If you are a student at Newcastle University you may be able to take the Student Tutoring credit module as part of your degree programme.
The School Experience Programme (England only) allows you to spend 1-10 days of observation in a secondary school. The programme is open to those interested in teaching maths, physics, chemistry, computing science and modern foreign languages at secondary level and who are predicted to achieve at least a 2:1 degree.
The Institute of Physics School Experience Programme is open to those interested in teaching physics. Register with the programme to gain access to local schools participating in the programme.
Alternative work experience, such as undertaking community work with young people, can also be extremely valuable but should not be a substitute for school-based experience. A useful source of voluntary opportunities is available through Student Community Action Newcastle (SCAN) or see our Volunteering page.
Before completing your application you need to research the courses and training providers available to make sure you choose the right one for you. The following websites can help with this research:
For all teacher training courses that start after 1 July 2013 applicants will need to pass a numeracy and literacy professional skills test before the start of their course. Full details of how to apply for the test is available on the Teaching Agency website.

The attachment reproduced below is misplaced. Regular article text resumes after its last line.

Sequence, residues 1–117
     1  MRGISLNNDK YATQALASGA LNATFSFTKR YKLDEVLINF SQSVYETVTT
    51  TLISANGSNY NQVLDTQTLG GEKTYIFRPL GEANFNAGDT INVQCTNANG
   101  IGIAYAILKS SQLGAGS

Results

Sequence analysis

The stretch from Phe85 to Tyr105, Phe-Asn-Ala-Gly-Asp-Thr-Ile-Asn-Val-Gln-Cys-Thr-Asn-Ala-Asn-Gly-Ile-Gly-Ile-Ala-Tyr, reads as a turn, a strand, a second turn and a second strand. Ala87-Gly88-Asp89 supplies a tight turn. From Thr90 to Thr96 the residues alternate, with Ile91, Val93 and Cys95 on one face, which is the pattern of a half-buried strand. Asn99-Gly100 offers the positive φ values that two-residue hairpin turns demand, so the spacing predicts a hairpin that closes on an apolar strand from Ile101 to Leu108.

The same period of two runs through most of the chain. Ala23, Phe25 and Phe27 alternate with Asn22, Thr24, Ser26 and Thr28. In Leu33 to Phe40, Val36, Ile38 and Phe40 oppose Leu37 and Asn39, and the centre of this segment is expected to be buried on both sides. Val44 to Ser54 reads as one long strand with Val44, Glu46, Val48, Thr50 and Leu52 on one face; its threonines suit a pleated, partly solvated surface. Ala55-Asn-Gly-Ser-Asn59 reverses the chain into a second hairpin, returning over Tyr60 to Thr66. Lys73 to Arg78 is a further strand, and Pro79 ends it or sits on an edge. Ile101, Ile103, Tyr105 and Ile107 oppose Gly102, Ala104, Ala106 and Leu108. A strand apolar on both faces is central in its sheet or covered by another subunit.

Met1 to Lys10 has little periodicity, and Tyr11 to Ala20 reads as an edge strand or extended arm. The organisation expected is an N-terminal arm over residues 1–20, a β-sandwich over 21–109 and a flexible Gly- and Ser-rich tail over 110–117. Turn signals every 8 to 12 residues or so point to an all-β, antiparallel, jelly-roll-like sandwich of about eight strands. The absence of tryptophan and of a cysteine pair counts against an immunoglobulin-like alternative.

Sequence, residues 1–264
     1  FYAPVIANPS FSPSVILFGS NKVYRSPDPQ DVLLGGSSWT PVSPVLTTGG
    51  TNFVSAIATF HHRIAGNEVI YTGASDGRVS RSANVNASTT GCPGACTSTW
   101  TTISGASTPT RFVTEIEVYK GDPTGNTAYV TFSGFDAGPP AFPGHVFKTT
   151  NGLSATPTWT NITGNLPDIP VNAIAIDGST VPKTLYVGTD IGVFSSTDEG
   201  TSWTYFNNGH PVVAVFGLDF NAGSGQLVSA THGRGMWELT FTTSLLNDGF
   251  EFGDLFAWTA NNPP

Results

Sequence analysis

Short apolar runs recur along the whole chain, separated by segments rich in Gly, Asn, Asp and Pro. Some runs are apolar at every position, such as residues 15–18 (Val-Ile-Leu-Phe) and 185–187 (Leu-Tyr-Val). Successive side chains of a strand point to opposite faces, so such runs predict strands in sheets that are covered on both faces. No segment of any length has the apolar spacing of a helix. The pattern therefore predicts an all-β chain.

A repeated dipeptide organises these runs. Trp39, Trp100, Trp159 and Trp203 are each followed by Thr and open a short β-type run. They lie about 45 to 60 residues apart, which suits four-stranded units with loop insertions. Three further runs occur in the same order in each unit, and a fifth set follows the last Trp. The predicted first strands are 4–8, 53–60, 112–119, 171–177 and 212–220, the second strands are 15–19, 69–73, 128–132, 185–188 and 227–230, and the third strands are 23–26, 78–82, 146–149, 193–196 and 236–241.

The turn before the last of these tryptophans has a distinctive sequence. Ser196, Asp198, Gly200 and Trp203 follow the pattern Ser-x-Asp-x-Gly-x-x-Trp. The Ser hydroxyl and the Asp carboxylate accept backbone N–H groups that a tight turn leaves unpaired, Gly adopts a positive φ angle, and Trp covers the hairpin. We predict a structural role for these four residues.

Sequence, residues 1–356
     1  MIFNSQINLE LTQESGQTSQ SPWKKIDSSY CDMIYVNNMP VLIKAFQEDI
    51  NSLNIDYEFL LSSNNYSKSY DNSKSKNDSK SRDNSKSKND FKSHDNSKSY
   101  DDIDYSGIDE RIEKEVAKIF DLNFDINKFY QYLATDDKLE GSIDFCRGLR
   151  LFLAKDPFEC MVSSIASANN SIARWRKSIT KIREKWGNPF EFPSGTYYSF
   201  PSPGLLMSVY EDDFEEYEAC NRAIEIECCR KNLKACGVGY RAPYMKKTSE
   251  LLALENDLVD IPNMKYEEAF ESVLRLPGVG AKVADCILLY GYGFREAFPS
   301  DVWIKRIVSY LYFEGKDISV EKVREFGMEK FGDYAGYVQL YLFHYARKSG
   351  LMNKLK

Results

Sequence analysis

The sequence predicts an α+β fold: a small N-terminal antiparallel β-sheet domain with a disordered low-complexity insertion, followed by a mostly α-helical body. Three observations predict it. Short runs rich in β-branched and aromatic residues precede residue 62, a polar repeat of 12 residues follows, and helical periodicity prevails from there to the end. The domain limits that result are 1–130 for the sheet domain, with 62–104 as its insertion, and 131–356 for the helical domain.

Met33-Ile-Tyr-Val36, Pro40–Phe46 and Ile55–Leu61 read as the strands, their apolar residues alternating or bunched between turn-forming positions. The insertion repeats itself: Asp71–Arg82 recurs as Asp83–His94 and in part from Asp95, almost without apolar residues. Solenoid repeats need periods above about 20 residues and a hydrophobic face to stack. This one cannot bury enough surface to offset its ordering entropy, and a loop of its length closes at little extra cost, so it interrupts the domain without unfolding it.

PGCE, School Direct and SCITT
From 21 November 2013 applications for PGCE, School Direct and SCITT should be made online through UCAS Teacher Training.
It is really important that the personal statement section of your application is relevant and effective. Before submitting your application produce a draft copy of your personal statement and get an adviser to check through it - no appointment necessary.
UCAS recommend that applicants and referees write text (e.g personal statement or references) in Word then cut and paste the text into the online application form rather than work directly online. The personal statement section will allow you to enter 47 lines of text (about 4000 characters). Blank lines and other invisible formatting are included in this line/character count. To ensure you keep within the line limit and permitted number of characters we recommend that you use Verdana, font size 11 and copy your text onto Notepad, or other simple text editing software, before pasting it into the application form.
The Careers Service runs careers workshops to help you prepare your personal statement - see Events for details.
The following websites provide information on writing your personal statement, plus some examples. Please note that for the 2013/14 academic year changes to the UCAS Teacher Training online application form may not be covered in these resources, particularly around the work experience section. Please see the Filling in your application section of the UCAS Teacher Training website for details.